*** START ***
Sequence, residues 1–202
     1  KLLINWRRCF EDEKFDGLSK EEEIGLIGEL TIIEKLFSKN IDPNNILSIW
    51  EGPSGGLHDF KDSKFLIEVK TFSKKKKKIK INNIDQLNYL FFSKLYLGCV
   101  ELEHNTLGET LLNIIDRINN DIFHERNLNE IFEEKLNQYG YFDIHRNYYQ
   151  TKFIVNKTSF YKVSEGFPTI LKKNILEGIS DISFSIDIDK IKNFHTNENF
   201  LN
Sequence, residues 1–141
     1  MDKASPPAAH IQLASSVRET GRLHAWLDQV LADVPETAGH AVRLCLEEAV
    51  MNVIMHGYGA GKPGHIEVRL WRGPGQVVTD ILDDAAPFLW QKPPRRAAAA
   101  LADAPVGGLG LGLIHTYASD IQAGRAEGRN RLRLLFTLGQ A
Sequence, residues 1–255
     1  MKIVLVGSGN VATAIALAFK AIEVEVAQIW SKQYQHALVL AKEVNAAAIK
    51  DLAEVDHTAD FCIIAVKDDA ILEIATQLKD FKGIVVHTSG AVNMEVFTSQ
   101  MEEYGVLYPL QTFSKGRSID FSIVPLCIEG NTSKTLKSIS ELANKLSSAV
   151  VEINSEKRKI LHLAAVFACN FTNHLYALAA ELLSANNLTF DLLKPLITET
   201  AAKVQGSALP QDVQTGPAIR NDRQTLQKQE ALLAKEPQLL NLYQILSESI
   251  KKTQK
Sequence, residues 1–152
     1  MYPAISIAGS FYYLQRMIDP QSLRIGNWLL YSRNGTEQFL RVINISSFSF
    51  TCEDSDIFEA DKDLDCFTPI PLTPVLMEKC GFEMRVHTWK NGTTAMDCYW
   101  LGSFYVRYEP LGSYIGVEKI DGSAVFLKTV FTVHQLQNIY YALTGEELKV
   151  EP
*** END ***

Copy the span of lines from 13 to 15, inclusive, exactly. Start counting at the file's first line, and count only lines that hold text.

    51  DLAEVDHTAD FCIIAVKDDA ILEIATQLKD FKGIVVHTSG AVNMEVFTSQ
   101  MEEYGVLYPL QTFSKGRSID FSIVPLCIEG NTSKTLKSIS ELANKLSSAV
   151  VEINSEKRKI LHLAAVFACN FTNHLYALAA ELLSANNLTF DLLKPLITET